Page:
3. Do the police always issue information on the weapon used to kill someone while an investigation is ongoing? Maybe its not public due to the fact that they do not want to publicise what was used in case the perpetrator still has it in their possession.
        4. The deaths are right in the middle of the heartland of the northern re-introduction, go 20 to 30 miles in any direction and see how many you see… Its also close to one of the feeding stations and, given that red kites often stay together in communal winter roosts, it’s no surprise that there were so many close together.

  5. Greg – the police and not the RSPB will take the dead birds away as they are evidence. I also think it is probably quite easy to tell if bodies have been frozen and then re-thawed, and failing that a DNA sample would easily show that the same birds are not be ‘replanted’ as you seem to be suggesting. I am guessing you are just a troll because a quick internet search would show you that the Kite is still an amber list species and that they are a social species that feed together, that is why a larger number of poisoned birds can be found close together. I’m not sure you know what you’re talking about.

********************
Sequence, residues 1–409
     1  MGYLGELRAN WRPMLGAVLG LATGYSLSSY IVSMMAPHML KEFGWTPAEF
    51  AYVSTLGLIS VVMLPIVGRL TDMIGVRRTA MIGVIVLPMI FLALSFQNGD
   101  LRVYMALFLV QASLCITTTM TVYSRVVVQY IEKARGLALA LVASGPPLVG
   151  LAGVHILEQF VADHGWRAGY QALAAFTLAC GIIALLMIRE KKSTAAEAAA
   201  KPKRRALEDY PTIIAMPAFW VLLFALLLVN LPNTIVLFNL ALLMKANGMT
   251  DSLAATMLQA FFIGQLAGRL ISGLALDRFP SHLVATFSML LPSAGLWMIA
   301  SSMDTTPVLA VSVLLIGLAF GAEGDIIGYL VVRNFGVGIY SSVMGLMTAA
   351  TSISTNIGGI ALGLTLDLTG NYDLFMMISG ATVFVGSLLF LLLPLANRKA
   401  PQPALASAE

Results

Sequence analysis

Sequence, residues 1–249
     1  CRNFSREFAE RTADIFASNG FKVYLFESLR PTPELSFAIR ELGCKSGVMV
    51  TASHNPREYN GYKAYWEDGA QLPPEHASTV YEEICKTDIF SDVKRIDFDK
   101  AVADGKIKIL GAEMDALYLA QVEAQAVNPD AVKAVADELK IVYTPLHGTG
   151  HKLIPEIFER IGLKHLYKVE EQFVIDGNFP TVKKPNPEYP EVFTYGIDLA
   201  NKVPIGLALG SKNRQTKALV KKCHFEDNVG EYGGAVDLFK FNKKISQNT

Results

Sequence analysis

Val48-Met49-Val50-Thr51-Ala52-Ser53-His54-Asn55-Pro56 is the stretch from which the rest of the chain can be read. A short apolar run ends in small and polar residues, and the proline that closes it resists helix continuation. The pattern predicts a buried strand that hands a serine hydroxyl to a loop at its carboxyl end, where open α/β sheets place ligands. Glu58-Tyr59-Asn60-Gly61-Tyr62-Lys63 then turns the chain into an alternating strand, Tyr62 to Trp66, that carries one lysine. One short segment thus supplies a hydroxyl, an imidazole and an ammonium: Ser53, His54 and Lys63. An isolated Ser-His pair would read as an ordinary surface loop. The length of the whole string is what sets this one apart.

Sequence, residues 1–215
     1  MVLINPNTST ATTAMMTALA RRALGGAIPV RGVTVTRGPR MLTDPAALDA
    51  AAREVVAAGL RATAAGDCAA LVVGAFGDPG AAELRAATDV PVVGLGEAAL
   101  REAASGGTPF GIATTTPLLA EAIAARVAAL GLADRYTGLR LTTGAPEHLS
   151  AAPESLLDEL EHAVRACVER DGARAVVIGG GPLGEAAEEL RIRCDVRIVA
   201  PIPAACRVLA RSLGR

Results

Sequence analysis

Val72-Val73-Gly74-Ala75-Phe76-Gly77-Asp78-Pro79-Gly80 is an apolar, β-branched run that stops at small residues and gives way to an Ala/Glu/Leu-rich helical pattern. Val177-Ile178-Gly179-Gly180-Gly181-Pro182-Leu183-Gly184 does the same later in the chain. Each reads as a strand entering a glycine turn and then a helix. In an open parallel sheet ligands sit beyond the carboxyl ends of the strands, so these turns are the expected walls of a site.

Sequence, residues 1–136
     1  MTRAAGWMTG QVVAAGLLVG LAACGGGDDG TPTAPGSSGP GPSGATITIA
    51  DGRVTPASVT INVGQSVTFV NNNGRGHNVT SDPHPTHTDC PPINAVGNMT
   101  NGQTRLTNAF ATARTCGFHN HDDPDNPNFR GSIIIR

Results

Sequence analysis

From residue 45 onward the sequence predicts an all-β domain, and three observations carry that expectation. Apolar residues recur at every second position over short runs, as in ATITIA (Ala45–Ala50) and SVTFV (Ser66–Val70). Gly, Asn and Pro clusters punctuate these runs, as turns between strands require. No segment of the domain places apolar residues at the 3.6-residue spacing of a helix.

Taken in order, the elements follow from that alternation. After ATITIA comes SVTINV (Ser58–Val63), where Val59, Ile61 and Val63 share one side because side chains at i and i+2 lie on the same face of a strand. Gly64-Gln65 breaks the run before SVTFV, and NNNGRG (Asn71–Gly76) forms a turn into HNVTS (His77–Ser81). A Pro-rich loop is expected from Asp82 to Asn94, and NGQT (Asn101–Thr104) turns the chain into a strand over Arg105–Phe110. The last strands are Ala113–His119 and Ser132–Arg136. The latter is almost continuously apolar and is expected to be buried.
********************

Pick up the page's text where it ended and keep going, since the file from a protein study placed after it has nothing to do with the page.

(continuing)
1. I admit I don’t know. The problem is the evidence, quite worring considering they can’t find culprit. Please someone tell me proven facts. As a troll I cannot see any evidence apart from you so called townies( sorry u called me troll) saying that it must be a gamekeeper.

      1. You do realise that no-one on this site has said it was a gamekeeper? Why did you jump to the conclusion that it could have been a gamekeeper? And finally, why, as a supposed countryman, do you have no idea whatsoever of nature and it’s predator-prey relationships?

      2. Greg, you’re comments have been mildly entertaining, but getting a little boring now. Of course, everybody is entitled to their views but really Greg, grow up. Nobody will ever take your comments seriously unless you begin to offer more educated and researched views and comments but I fear that I can’t see that happening anytime soon, can you?